“We don't read and write poetry because its cute. We read and write poetry because we are members of the human race. And the human race is full of passion.” 
Dead Poets Society

Education has the power to make a difference in the lives of our young people. Engaging them in powerful and effective ways can convince them that their learning has a vital place in their future. There have been suggestions that white working class boys in particular are disengaged from learning ( and my own experience would bear this out:

 'He'll be alright! He don't need no qualifications to get by!'

'Bloody teachers, think you know it all don'tcha!'

'My mum says I don't have to do what I'm told in school and if you say otherwise she's coming down here to sort you out!'

I remember all these from my very first year, very typical of parents who were in an anti-school and anti-authority culture in the 1970s and 1980s, perhaps trapped in a cycle of generational unemployment. 

Well these days 'He won't be alright'; in the 1970s school leavers could turn up on a building site build a wall and be a bricklayer by lunchtime, now they can't get beyond the gates without certificates. We need to go beyond simply insisting upon attendance, attention and homework completion; we have to give these meaning and purpose. There is no right or wrong way to do that, but the armoury of intellectual and persuasive weapons at our disposal can enable us as educators to empower the youngsters in our charge with the skills for the future and to step forth with aspirations.  

I think of the teachers who engaged me: Mrs Dalrymple and Mr McCann at primary school; Chris and Pauline Collier who lit the flame of my love of History; John Wohlers, who scared us all to death but got the whole class grade A or B at O-level Maths, Janet Lawley, who never taught me but whose very presence oozed her love of learning and her vision. These names don't go away, but those who didn't inspire are hard to recall. 

Few of us can hope to be 'Legends', or 'ledge' in the children's parlance, but at least we can hope to be remembered for a few years. 

Sunday, 15 September 2013

New Horizons

After being in my first teaching post for twenty years (I won't explain, its a long story) here I am two weeks into Deputy Headship and I'm loving every minute of it.

Twenty summers spent planning, preparing, compiling reports and trying to grab some family time! This year I was determined to completely recharge my batteries, particularly with working late most of the final half term at my previous school, finalising as much as possible for those taking on my old responsibilities. I read several good books, experimented with a few new recipes and ingredients in the kitchen and was able to appreciate the weather, made all the better by success in The Ashes!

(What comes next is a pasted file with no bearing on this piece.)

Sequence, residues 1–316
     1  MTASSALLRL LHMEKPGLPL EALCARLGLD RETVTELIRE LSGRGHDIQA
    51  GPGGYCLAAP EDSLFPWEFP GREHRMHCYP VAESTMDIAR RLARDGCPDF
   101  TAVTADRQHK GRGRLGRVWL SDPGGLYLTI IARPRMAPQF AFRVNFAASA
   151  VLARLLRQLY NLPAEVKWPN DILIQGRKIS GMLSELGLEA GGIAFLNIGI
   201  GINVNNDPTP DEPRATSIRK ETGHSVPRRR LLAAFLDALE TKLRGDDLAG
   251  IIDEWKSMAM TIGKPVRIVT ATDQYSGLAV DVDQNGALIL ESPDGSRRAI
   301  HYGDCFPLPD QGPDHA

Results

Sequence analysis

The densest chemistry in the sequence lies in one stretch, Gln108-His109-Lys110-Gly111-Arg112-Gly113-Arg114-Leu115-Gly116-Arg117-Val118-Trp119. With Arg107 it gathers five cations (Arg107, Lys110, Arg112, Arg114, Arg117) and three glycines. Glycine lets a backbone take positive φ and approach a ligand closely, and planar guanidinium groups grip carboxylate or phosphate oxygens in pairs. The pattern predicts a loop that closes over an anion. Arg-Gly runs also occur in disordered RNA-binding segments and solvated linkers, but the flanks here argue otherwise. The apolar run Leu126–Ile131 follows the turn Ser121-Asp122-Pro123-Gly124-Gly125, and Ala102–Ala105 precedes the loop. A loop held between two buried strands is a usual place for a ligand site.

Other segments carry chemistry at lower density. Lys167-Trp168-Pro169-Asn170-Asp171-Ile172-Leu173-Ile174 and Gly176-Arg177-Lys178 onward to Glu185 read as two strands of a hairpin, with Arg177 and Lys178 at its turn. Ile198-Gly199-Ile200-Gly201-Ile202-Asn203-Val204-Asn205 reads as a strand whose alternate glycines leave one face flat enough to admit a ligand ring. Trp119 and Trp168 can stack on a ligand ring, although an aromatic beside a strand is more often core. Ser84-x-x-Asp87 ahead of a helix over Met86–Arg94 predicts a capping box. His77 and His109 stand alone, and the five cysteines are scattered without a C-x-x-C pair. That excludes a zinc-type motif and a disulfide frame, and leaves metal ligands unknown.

At assembly on my final day I joked that twenty years beforehand, I had arrived dark haired, happy and full of great ideas, and that I was leaving with two out of those three still intact. The gene pool is to blame for the first on this list!

I didn't divorce myself entirely from education over the break. Twitter provides wonderful opportunities for free CPD for the teaching community, and serves as an excellent platform for sharing of the best practice and current development. The most useful links for me came from Heather Leatt (@Heatherleatt) with the highlighted changes to the OFSTED framework and . Extremely useful to have this 'heads up' before the year began. 

I am very much looking forward to attending SLT Camp (@SLTcamp) in November, with the chance to meet some of my fellow tweachers, and to share inspiration and innovation. Many thanks to Sarah Findlater (@MsFindlater) and Stephen Lockyer (@mrlockyer) for organising this.  With CPD offered by some LEAs a little thin on the ground and of sometimes questionable value, what an opportunity this is to encounter like minds, and to interact with secondary colleagues too. So glad I don't have to pack my wellies and sleeping bag.

Two weeks into term, and unsurprisingly I'm very busy already. There are plenty of challenges ahead, but I knew that, and it is one of the reasons I took on the position. One challenge to myself is to develop my educational blogging further. Let's see if I keep that one up!

Lest we forget, the reason we are in this business is to make a difference to children, and the responses they give our professional lifeblood. I took my first whole school assembly this week; the importance of creating a good first impression was my theme. I showed a picture of George Clooney. 

'Does anybody know who this is?' 

'Is it you Mr Cowley?'

I'll take that one! The gene pool has its uses sometimes!

George is often stopped and asked if he is the new Deputy Head